A new report into the enterprise value (EV) of Europe’s top soccer clubs has valued the top 32 European teams at a whopping 29.9 billion euros or $A45.2 billion.
The annual report by global accountancy firm KPMG is called Football Clubs’ Valuation: The European Elite 2017 and had the EPL’s Manchester United as the top club for EV.
EV includes things like brand trust, sponsorships and broadcast appeal. You can read the full report here.
Manchester United lead the way with an EV of more than 3 billion euros ($A4.5 billion). Spanish teams Real Madrid were second and Barcelona third. The top 10 clubs were all valued at more than one billion euros ($A1.5 billion).
The chief findings in the study included:
• Man Utd was the first club ever to be valued at more than three billion euros, while the next four were all worth more than two billion euros.
• The Top 10 clubs comprise more than two-thirds of the overall EV; within this group, Manchester City FC have overtaken Arsenal FC in fifth position.
• English teams now six of the top 10 positions on the list together with two Spanish, one German and one Italian.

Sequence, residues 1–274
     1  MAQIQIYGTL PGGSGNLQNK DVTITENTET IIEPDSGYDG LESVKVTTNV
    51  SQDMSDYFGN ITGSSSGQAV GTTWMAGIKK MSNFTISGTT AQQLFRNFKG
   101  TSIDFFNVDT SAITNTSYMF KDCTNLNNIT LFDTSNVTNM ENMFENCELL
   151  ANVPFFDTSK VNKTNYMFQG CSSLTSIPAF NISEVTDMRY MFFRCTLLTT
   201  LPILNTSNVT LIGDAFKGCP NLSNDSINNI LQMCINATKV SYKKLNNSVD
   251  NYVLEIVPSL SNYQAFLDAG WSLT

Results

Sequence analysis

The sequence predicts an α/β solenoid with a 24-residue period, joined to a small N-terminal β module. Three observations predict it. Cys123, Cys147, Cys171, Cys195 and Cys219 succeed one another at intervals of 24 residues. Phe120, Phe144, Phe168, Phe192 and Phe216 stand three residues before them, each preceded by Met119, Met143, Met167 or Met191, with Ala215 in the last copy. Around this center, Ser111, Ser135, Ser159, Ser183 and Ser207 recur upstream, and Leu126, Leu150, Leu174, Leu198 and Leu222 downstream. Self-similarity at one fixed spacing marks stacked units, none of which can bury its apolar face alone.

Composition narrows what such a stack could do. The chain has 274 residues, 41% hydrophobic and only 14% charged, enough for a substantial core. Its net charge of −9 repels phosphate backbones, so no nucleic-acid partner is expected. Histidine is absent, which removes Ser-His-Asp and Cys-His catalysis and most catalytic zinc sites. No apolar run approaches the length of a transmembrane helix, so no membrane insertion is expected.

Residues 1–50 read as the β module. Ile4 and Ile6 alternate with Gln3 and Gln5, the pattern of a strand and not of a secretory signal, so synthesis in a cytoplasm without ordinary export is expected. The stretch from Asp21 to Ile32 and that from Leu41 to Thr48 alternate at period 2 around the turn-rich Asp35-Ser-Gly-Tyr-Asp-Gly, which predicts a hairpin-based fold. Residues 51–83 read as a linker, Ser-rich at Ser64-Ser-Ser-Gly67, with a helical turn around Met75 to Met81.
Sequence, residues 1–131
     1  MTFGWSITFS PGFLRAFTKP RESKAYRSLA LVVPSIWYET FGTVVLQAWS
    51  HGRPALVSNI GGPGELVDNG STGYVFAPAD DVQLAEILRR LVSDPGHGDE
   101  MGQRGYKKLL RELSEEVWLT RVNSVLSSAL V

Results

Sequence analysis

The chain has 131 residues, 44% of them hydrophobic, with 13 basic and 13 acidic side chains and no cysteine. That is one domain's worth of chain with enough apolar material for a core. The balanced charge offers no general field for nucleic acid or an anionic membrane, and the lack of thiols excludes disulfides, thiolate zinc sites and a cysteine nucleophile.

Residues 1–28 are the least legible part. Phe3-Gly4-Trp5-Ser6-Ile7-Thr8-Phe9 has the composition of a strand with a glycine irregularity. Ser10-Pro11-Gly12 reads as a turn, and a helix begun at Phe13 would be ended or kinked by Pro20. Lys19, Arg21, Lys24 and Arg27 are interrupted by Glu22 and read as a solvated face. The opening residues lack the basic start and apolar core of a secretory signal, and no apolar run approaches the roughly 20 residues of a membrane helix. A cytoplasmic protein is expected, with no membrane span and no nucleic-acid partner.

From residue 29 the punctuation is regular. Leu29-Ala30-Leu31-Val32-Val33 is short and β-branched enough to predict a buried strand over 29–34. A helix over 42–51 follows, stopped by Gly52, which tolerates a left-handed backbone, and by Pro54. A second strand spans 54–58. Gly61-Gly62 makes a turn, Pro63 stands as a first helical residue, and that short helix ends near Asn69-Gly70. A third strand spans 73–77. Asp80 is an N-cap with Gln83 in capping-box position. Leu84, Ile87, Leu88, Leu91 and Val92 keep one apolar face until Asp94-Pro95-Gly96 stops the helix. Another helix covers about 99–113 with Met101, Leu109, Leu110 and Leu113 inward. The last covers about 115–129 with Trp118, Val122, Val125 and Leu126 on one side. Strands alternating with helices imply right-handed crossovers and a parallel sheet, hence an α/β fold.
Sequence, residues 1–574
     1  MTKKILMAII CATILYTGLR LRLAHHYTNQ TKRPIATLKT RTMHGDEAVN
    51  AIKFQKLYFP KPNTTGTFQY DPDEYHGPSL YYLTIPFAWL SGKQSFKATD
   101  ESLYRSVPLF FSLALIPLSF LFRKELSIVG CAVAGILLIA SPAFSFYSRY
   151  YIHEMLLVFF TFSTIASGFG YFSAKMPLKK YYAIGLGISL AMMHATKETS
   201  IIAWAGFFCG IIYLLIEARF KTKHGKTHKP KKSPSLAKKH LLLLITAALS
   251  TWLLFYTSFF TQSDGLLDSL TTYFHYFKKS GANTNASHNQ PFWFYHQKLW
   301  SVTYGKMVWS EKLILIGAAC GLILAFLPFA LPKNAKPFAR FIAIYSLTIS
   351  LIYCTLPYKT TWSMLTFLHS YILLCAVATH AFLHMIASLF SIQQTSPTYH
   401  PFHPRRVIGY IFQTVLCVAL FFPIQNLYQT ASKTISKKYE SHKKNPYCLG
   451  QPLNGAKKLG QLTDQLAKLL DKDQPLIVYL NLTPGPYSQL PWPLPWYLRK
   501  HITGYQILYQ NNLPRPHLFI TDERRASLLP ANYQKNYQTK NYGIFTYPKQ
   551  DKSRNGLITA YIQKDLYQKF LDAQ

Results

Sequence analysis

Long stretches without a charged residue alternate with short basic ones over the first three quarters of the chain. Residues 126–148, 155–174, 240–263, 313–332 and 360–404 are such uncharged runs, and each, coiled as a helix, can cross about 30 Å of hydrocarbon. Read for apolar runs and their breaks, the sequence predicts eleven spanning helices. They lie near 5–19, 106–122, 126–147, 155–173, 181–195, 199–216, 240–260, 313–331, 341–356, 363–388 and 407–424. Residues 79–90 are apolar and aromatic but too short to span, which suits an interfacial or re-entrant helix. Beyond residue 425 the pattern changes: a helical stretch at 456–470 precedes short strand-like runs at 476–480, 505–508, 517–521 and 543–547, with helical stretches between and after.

• In terms of growth per se, Olympique Lyonnais score the best result (+71 per cent), followed suit by Galatasaray SK (+68 per cent) and Sevilla FC (+44 per cent).
• The 2017 edition had three new entrants on the top 32 – Leicester City FC, Athletic Club Bilbao and Beşiktaş JK. As the lead characters in what has been referred to as the greatest sporting fairy-tale of all time, Leicester City FC’s journey to the English Premier League crown in 2015/16 has passed into the annals of history, earning them a remarkable 16th position on the report.
Andrea Sartori, global head of sports at KPMG, said of the study: “In terms of media rights value, the English Premier League sits comfortably at the top of European leagues, although other major leagues have outlined well-defined strategies to compete for the attention of global fans.
“However, unlike other factors, an individual club’s ability to influence their broadcasting income is often limited, despite the very evident impact this revenue stream has on their Enterprise Value.
“The aggregate value of Europe’s 32 leading football clubs suggests that the overall value of football, as an industry, has grown.
“While this is partially explained by football’s broadcasting boom, the internationalisation of the clubs’ commercial operations, their investment into privately-owned and modern facilities, and overall more sustainable management practices, are also key reasons for this growth,” he said.